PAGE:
John, you delivered on everything you ever promised me you would. You didn’t need to do a damn thing more to be part of my sons’ legacy.  

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Not Gonna Lie

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Not gonna lie … the more I dig into the statistical analysis of the Wuhan coronavirus outbreak (I used to call it nCov2019, but going forward I’ll call it COVID-19 to follow the latest World Health Organization naming convention), the more I believe that the virus has not been contained in China and that we are far more likely than not to have a major outbreak of the disease outside of China.

This statistical analysis is principally based on two research papers (both attached here as PDFs), one written by WHO-sponsored doctors based in Hong Kong and published in The Lancet, and the other written by DARPA-sponsored researchers based at Los Alamos National Labs. The skinny from these notes is that COVID-19 is ridiculously infectious. Yes, it’s airborne. Yes, it’s waterborne. If it’s anywhere near you, odds are you’re going to catch it. I mean, when China is sterilizing and quarantining paper money from Hubei province, that should give you an idea that no one has any idea whatsoever how to contain the disease once it’s in a population center.

So when I read that there were more new cases of COVID-19 infection identified yesterday on that cruise ship in Yokohama than were identified in all of Africa and the Southeast Asian sub-continent, you can forgive me for believing that we *already* have a cluster of COVID-19 cases in cities like Djakarta … it’s just not being measured. How long will it take for this cluster to reach a noticeable mass given COVID-19’s high reproduction baseline? Using Wuhan as an example, I figure three or four weeks.

We also have a front-line doctor’s report coming in from Wuhan, also published in The Lancet, and real-time feedback from doctors in Singapore and Beijing on what they are observing in patients-under-investigation (PUI). The skinny here is that Wuhan fell because the healthcare system in that city collapsed. Doctors and nurses themselves contracted the virus in vast numbers, and once hospitals became a source of infection rather than treatment, the Chinese authorities made the decision to shut off the city and effectively let the disease run its course.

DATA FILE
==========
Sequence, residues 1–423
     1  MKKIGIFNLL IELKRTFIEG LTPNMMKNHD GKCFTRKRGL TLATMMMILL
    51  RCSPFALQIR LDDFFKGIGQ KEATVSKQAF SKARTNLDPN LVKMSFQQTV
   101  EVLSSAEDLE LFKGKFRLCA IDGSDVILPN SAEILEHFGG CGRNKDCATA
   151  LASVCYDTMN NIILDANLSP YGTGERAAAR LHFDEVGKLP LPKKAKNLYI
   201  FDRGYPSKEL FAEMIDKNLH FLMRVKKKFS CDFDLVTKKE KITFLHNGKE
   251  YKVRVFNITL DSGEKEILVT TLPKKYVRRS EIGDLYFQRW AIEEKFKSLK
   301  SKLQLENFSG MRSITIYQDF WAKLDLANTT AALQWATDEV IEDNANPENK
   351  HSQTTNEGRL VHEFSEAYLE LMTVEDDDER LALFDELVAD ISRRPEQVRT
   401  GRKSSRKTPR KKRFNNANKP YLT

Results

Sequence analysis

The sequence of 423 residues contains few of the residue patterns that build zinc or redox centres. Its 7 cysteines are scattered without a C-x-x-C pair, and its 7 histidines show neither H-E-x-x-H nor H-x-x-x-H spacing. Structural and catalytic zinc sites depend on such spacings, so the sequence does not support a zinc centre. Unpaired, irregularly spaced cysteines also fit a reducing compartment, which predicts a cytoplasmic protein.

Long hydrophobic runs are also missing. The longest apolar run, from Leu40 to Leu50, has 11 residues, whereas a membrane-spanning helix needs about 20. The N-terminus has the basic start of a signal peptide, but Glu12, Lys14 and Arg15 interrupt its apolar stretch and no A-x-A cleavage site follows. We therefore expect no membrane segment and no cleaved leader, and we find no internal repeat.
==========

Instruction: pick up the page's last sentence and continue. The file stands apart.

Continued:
This is what we must avoid when/if there is an outbreak outside of China.

I believe we must stop playing the “Confirmed Cases” game, which is just that … a public relations game … and start doing three things:

  1. PROTECT healthcare professionals with pre-positioned gear NOW (esp. in cities like Jakarta);
  2. INFORM healthcare professionals with better diagnostic criteria NOW (Singapore is doing strong work here);
  3. INSULATE healthcare professionals with (much) bigger isolation wards that should be built NOW (esp. in cities like Jakarta).

Unfortunately, I don’t believe any of this is going to happen, in large part because senior leadership of the World Health Organization is primarily concerned with maintaining the favor of their Chinese patrons and toeing the (literal) party line. The way that WHO leadership has handled COVID-19 thus far is not just a disgrace, not just a humiliation for the thousands of people doing good and important work under WHO auspices … it’s a betrayal of the entire world.

Yep, strong words. And here’s my latest note to back it up – The Industrially Necessary Doctor Tedros.

When WHO Director General Tedros recommended on Feb. 4 that there should be NO systematic limitation on air travel and visa issuance in and out China, he KNEW that the CCP-provided “evidence” for that recommendation was a crock. How did he know? Because independent WHO-sponsored doctors had published their paper on Jan. 31 showing that the CCP-provided evidence was a crock.

Barf.

Is there good news? Yes. If you’re young and female, you have an excellent chance of surviving an infection, and perhaps being asymptomatic entirely. On the other hand, if you’re an older male with a pre-existing cardiovascular condition or high cortisol levels … well, that’s a problem.

The critical thing is that we can’t let another city fall like Wuhan did.

Not gonna lie … they got us in the first half. But I think if we prepare and strengthen our healthcare systems NOW, we can still win the game.